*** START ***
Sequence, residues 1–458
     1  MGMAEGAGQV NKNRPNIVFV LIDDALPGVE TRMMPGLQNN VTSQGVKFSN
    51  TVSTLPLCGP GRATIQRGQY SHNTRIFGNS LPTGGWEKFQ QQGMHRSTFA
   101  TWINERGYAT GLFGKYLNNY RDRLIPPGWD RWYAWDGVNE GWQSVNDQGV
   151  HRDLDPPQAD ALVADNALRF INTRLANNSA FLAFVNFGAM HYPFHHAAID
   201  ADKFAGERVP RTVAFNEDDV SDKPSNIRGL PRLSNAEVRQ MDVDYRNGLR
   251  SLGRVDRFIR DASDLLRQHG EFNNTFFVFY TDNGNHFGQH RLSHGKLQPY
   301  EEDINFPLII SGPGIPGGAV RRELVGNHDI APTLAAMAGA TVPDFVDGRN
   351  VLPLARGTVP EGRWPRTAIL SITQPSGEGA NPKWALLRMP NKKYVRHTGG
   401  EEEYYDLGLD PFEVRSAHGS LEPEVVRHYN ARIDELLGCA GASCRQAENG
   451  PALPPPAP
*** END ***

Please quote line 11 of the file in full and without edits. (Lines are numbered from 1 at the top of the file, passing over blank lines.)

   451  PALPPPAP